2. A combined heating and cooling appliance comprising in combination, an insulated cooling compartment adapted to be maintained at a temperature below the temperature of ambient air, an insulated warming compartment adapted to be maintained at a temperature above the temperature of ambient air, heat absorbing structure in said cooling compartment, heat dissipating structure in said warming compartment, a thermoelectric heat pump for transferring heat from said cooling compartment to said Warming compartment, said heat pump comprising an array of thermoelectric elements formed of dissimilar thermomotive materials and arranged to provide a plurality of cold junctions and a plurality of hot junctions, said cold junctions being in heat transfer relationship with said heat absorbing structure, heat conducting means in heat transfer relationship with said hot junctions and said heat dissipating structure, said heat conducting means having an extended surface area thereof in contact with ambient air, and means responsive to the temperature of said heat dissipating structure for efliecting an increase in the flow of ambient air over said surface area upon an increase in the temperature of said heat dissipating structure and for effecting a reduction in air flow over said surface area upon a decrease in the temperature of said heat dissipating structure.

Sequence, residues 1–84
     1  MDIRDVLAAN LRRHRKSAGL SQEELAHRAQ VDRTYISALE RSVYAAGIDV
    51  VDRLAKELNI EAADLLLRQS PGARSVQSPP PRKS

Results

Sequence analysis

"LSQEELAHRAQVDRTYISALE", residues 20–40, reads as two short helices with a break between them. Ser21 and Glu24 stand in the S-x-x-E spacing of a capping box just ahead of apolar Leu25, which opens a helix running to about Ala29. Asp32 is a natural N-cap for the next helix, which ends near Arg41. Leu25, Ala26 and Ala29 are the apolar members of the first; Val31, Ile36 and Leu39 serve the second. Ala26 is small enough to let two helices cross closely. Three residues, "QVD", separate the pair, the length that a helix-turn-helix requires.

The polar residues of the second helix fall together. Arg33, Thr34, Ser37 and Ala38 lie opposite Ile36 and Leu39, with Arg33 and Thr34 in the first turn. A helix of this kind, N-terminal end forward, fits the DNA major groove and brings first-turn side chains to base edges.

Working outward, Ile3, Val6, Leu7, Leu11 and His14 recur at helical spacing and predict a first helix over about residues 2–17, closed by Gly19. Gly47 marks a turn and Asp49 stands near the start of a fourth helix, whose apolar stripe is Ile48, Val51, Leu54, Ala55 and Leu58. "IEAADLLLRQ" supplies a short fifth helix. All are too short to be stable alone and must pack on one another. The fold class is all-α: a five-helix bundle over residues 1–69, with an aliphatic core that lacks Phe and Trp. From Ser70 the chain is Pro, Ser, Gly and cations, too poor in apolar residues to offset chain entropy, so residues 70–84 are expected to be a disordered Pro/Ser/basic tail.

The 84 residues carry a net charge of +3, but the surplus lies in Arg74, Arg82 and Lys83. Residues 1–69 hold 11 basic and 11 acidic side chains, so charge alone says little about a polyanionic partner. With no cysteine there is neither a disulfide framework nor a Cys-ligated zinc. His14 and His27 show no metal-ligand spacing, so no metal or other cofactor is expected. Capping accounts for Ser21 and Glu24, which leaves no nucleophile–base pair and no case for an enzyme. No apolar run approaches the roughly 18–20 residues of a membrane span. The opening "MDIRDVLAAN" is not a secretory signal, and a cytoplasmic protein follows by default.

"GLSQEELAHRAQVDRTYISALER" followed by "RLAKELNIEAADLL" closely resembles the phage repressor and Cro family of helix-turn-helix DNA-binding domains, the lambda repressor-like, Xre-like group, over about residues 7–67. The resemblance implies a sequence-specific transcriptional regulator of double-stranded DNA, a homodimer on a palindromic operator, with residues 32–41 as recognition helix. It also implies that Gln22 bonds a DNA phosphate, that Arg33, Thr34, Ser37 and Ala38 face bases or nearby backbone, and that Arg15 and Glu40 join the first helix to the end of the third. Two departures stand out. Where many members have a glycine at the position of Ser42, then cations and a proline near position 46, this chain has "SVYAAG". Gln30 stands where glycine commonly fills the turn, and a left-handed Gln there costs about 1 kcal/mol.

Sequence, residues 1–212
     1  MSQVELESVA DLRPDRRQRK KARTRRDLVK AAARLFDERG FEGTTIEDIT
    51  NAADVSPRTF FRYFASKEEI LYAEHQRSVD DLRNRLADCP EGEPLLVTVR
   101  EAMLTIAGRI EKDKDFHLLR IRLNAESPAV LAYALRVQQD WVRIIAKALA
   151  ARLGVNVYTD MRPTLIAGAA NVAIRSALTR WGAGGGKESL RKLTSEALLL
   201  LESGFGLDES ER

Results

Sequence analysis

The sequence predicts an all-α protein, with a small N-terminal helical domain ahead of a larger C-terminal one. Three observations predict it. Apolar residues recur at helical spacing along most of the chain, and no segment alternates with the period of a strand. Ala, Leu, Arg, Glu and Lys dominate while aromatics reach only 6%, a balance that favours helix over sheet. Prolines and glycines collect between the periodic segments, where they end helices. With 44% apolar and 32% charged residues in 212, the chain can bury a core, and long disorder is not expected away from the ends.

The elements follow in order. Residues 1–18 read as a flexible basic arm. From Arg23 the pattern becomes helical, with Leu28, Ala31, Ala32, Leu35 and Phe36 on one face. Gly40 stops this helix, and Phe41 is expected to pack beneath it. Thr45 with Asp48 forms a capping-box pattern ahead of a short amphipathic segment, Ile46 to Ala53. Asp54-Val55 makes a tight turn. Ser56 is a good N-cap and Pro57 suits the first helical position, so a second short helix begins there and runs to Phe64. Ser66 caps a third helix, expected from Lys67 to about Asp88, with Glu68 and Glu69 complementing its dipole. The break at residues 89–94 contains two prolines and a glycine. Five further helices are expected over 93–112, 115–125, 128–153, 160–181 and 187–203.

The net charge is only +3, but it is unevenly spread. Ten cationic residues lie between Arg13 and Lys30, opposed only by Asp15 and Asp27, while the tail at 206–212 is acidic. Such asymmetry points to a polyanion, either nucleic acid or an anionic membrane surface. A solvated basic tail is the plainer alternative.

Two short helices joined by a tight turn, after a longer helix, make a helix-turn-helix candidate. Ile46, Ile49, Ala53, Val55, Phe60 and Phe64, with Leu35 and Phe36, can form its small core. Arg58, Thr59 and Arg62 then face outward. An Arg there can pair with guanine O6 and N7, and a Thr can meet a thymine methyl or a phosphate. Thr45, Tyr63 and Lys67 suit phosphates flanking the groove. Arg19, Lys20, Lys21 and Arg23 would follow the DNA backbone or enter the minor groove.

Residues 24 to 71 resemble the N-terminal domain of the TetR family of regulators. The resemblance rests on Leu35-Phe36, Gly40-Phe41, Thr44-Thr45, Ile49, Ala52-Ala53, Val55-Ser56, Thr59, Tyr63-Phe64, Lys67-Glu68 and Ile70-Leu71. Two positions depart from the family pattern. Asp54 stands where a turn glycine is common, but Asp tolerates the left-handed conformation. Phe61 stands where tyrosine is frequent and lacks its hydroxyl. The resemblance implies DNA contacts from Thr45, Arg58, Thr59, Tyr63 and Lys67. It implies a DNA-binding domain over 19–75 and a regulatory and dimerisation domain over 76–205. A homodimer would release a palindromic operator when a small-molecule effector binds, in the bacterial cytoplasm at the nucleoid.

3. A combined heating and cooling appliance comprising in combination, an insulated cooling compartment adapted to be maintained at a temperature below the temperature of ambient air, an insulated warming comrpartment adapted to be maintained at a temperature above the temperature of ambient air, heat absorbing structure in said cooling compartment, heat dissipating structure in said Warming compartment, a thermoelectric heat pump for transferring heat from said cooling compartment to said Warming compartment, said heat pump comprising an array of thermoelectric elements formed of dissimilar thermomotive materials and arranged to provide a plurality of cold junctions and a plurality of hot junctions, said cold junctions being in heat transfer relationship with said heat absorbing structure, heat conducting means in heat transfer relationship with said hot junctions and said heat dissipating structure, said heat conducting means having a plurality of passages therethrough, means for forcibly circulating ambient air through said passages, and thermostatic means controlling said air circulating means for respectively increasing or decreasing the flow of air through said passages in response to an increase or a decrease in the temperature of said heat dissipating structure.